News | Nuclear Imaging | March 10, 2020
March 10, 2020 — MEDraysintell released its new and unique report “...
MR Solutions’ dry magnet MRI system for molecular imaging on display at EMIM 2020
News | Magnetic Resonance Imaging (MRI) | February 28, 2020
February 28, 2020 — MR Solutions will be displaying its la
Potassium Molybdate Mo 99 Source Vessels for RadioGenix System

Potassium Molybdate Mo 99 Source Vessels for RadioGenix System (Photo: Business Wire)

News | Radiopharmaceuticals and Tracers | February 18, 2020
February 18, 2020 — NorthStar Medical Radioisotopes, LLC, a
SIR-Spheres Y-90 resin

SIR-Spheres Y-90 resin microspheres are released into the hepatic artery.

News | Nuclear Imaging | February 14, 2020
February 14, 2020 —  ...
Nuclear imaging equipment growth in 2020
News | Nuclear Imaging | February 14, 2020
February 14, 2020 — The nuclear imaging equipment
A 50-y-old postmenopausal woman with fibroadenoma (arrows) in left breast

A 50-y-old postmenopausal woman with fibroadenoma (arrows) in left breast. (A) Unenhanced fat-saturated T1-weighted MRI shows extreme amount of FGT (ACR d). (B) Moderate BPE is seen on dynamic contrast-enhanced MRI at 90 s. (C) Mean ADC of breast parenchyma of contralateral breast on diffusion-weighted imaging with ADC mapping is 1.5 × 10?3 mm2/s. (D) On 18F-FDG PET/CT, lesion is not 18F-FDG-avid, and BPU of normal breast parenchyma is relatively high, with SUVmax of 3.2. Photo courtesy of K Pinker, et al., Medical University of Vienna, Vienna, Austria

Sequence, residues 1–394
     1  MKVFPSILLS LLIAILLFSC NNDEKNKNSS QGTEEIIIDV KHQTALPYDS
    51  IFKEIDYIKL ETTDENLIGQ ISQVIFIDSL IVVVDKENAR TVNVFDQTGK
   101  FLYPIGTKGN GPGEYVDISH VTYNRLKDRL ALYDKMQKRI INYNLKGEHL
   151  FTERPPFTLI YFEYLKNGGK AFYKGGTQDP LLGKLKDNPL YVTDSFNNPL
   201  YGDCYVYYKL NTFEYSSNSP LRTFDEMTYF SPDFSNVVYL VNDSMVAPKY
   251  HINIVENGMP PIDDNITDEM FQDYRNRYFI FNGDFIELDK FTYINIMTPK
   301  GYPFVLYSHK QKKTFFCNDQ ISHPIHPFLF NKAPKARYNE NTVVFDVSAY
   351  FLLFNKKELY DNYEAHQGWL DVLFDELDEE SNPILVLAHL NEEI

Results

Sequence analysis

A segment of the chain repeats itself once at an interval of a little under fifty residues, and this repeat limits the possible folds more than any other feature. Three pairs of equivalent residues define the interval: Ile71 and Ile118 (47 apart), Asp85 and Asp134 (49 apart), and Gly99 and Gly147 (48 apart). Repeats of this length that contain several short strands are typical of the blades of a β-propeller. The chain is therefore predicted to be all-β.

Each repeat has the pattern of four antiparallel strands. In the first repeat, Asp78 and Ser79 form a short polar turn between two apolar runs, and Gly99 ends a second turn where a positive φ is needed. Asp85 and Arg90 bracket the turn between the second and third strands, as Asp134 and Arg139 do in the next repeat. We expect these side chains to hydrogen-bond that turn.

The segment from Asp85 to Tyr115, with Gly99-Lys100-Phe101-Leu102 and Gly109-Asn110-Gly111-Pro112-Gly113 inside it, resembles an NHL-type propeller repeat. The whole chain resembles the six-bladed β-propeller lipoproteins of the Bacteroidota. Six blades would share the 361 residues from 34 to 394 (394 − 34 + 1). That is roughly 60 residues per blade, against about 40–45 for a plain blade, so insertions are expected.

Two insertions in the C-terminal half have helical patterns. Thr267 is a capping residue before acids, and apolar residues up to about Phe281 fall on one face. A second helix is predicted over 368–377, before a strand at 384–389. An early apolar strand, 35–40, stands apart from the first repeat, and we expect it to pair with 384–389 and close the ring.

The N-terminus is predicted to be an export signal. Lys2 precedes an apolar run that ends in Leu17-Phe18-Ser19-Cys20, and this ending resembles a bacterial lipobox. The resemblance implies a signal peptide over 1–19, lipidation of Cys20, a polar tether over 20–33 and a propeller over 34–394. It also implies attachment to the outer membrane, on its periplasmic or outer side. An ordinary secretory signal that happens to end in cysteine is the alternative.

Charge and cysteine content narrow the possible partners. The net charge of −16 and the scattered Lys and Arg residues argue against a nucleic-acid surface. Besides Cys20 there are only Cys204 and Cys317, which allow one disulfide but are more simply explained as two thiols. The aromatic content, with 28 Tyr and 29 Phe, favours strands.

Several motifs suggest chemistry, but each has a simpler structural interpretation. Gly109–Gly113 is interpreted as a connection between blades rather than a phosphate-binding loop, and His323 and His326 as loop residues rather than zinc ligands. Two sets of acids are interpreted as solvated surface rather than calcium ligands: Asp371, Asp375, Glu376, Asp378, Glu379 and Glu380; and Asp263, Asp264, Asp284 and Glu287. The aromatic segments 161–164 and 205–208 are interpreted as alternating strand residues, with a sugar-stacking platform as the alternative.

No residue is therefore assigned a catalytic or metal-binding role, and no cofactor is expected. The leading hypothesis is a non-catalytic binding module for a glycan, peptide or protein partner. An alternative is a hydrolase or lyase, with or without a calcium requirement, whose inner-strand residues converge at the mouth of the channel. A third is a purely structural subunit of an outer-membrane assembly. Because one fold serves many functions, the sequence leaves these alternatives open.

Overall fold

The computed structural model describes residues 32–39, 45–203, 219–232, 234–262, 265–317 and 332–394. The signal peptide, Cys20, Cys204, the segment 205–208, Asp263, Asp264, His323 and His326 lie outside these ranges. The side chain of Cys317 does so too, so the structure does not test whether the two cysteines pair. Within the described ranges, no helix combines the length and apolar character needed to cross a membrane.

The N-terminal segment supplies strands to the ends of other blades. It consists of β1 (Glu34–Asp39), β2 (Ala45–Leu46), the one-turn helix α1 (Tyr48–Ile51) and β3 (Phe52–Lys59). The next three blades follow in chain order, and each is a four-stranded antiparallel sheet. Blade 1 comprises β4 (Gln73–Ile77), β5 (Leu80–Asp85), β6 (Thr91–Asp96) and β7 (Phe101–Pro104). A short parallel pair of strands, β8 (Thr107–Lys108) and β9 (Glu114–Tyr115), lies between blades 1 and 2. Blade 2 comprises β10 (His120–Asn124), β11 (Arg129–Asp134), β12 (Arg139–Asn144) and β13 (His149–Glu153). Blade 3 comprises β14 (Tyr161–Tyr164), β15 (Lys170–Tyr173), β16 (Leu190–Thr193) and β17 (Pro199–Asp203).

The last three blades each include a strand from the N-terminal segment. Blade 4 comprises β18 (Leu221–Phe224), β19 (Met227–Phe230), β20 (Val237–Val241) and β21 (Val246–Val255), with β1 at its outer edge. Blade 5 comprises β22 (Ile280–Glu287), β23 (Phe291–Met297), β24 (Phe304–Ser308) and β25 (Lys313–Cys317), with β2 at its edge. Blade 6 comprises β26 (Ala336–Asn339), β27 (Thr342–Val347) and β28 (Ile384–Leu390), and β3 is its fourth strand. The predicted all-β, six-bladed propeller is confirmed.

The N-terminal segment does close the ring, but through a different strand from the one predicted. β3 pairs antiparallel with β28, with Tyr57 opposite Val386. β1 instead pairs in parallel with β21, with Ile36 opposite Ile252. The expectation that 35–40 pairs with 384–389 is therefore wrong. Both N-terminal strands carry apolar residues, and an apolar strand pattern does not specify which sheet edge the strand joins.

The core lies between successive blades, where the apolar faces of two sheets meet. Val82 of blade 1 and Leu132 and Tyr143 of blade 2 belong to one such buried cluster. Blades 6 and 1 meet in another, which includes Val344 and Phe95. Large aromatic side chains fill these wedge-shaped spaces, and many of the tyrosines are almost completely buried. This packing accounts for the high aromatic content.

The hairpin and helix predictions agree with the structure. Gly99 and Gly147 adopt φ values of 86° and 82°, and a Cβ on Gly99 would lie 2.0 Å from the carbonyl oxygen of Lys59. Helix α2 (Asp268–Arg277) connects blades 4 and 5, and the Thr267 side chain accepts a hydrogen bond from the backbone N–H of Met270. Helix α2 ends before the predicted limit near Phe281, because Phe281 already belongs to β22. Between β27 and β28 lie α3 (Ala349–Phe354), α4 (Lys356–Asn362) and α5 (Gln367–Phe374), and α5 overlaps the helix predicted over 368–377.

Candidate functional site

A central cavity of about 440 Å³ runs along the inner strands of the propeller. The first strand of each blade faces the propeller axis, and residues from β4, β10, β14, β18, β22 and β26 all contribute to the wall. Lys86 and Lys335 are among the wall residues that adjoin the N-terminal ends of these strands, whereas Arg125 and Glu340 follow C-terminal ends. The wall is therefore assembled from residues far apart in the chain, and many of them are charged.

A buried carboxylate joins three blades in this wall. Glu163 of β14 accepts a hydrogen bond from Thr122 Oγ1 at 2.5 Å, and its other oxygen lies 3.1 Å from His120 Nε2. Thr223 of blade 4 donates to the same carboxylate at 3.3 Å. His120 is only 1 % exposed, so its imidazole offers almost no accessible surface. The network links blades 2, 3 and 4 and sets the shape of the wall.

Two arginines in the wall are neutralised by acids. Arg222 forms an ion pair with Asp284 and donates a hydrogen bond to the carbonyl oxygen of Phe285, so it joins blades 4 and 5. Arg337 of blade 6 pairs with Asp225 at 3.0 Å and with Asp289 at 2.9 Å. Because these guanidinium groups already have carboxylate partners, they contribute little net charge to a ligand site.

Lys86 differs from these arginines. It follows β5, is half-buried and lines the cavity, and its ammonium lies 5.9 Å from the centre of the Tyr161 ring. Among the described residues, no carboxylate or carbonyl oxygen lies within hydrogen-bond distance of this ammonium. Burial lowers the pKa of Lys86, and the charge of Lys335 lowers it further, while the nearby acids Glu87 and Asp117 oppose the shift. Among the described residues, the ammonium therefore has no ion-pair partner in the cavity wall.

News | PET-MRI | January 27, 2020
January 27, 2020 — Researchers have identified several potentially useful...
Nuclear imaging of the spine shown on Philips Healthcare BrightView XCT

Image courtesy of Philips Healthcare

News | Nuclear Imaging | January 27, 2020